The orator bustled up to him, and drawing him partly aside, inquired “on which side he voted?”
In Canning he found, or rather projected, “a genius, almost a universal one, an orator, a wit, a poet, a statesman.”
What was jarring was the orator in question—President Nicolas Maduro.
“100 Years Ago Teddy Roosevelt Got Shot in the Chest, Then Gave a Speech Anyway,” at Mental Floss Talk about an orator.
But the Roman orator Cicero felt that Calgacus and the peoples vanquished by Rome were missing a broader point.
His conception of the proper qualities of the orator was high and noble.
He was an orator, a dreamer, and a visionary; a strange, complex character.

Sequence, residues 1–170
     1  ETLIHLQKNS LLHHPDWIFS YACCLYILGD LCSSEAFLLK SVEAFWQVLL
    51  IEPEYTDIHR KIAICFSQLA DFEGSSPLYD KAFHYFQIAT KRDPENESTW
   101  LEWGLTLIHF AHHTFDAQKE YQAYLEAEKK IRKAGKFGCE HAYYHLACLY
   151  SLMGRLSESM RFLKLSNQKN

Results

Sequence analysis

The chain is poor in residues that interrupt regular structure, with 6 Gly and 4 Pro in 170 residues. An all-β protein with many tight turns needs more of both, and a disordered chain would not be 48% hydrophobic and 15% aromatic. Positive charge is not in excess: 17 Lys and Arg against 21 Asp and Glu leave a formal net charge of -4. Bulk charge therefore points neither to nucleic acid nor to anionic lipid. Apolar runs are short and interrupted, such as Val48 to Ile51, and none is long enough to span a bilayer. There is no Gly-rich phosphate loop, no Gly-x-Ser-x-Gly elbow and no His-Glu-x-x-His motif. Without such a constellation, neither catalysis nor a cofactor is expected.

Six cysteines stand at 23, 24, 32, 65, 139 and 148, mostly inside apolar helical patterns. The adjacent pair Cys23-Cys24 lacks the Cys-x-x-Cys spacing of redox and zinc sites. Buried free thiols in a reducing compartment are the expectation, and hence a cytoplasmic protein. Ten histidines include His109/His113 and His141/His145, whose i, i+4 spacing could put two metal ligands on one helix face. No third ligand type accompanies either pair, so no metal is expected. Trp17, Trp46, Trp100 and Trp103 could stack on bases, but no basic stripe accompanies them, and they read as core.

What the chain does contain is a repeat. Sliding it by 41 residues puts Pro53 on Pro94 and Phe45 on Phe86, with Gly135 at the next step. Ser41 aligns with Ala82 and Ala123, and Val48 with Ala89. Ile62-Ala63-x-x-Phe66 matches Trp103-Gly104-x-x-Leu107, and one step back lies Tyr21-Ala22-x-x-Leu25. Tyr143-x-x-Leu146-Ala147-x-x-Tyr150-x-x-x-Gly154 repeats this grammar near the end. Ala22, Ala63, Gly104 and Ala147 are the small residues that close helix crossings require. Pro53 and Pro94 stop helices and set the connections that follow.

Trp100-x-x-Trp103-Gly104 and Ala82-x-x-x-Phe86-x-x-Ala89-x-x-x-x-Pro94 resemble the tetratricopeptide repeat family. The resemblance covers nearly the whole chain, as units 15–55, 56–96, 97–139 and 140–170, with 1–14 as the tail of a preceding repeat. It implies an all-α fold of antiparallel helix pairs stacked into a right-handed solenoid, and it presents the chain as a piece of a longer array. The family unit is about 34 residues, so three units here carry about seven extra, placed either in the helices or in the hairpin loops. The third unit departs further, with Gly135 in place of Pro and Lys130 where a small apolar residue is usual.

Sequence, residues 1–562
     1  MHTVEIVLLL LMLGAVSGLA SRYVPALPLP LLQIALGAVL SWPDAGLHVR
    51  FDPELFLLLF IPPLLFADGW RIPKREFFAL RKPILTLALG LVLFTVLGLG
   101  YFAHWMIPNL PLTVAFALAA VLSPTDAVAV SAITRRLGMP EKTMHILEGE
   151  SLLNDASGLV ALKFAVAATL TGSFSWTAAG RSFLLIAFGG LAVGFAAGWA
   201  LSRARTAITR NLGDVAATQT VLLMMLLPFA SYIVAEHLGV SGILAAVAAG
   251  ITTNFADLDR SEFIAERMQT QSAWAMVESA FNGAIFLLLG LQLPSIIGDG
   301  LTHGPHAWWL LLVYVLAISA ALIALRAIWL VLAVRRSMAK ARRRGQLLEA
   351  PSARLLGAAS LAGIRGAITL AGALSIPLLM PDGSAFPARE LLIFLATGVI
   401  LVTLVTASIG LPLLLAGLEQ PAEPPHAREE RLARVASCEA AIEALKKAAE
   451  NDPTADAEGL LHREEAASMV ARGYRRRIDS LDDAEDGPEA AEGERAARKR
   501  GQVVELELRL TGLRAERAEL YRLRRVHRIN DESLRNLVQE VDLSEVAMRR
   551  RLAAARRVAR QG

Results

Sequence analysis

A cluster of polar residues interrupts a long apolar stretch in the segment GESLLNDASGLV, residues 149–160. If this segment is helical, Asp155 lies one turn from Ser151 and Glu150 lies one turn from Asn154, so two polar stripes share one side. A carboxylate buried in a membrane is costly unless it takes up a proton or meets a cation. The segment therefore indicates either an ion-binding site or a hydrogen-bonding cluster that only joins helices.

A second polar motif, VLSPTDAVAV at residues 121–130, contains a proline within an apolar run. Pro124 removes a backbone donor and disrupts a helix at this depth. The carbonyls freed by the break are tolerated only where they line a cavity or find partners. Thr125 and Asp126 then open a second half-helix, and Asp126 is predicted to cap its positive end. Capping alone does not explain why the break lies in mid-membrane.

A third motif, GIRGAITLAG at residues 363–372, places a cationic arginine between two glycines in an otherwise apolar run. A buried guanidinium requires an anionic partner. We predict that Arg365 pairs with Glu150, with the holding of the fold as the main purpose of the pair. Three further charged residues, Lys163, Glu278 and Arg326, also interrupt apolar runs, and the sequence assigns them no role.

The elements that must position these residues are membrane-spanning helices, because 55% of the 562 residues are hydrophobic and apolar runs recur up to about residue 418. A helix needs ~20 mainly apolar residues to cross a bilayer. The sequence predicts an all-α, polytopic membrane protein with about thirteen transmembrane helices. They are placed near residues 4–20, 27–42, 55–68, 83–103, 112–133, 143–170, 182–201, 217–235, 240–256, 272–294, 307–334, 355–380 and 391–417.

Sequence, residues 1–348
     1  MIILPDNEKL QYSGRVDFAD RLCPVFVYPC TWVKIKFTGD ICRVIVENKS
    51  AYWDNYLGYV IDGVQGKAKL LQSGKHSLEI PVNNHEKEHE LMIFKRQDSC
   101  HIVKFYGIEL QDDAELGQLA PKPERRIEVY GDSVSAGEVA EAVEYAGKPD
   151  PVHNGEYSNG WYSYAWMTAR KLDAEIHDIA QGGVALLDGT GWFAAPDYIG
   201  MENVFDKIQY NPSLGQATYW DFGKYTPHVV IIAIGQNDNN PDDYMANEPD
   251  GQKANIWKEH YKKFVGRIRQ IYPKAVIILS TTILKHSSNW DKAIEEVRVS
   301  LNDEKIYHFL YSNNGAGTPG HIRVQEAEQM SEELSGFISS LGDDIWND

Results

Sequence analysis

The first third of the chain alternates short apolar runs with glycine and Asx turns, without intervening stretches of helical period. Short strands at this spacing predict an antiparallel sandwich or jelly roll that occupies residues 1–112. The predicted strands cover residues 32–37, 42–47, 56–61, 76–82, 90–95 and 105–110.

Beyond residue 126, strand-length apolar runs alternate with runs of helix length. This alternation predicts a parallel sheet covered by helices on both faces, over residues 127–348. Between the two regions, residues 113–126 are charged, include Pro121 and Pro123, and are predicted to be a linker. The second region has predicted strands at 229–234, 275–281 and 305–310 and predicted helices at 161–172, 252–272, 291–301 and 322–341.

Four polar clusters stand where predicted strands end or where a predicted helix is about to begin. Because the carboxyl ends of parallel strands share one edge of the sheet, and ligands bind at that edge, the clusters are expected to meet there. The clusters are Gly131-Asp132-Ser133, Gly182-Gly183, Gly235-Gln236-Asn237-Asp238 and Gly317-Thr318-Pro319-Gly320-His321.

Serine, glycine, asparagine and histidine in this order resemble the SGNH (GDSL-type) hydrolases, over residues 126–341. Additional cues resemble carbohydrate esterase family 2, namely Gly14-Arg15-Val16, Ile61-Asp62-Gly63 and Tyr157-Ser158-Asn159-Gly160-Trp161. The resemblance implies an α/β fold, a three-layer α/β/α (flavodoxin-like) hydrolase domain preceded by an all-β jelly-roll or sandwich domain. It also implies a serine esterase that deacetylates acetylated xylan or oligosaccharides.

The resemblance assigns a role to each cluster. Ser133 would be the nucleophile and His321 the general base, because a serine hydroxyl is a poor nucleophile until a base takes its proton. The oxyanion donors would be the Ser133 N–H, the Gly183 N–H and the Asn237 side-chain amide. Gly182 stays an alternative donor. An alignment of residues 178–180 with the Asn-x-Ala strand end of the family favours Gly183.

To-day the orator has become a sublime reasoner, the shepherd of ideas.
The orator will continue to be a power, though in a different way.
There must be no suggestion of a platform, no conscious presentation of truth for a definite end, as with the orator.
late 14c., "one who pleads or argues for a cause," from Anglo-French oratour (Modern French orateur), from Latin orator "speaker," from orare "to speak, speak before a court or assembly, pray, plead," from PIE root *or- "to pronounce a ritual formula" (cf. Sanskrit aryanti "they praise," Homeric Greek are, Attic ara "prayer," Hittite ariya- "to ask the oracle," aruwai- "to revere, worship"). Meaning "public speaker" is attested from early 15c.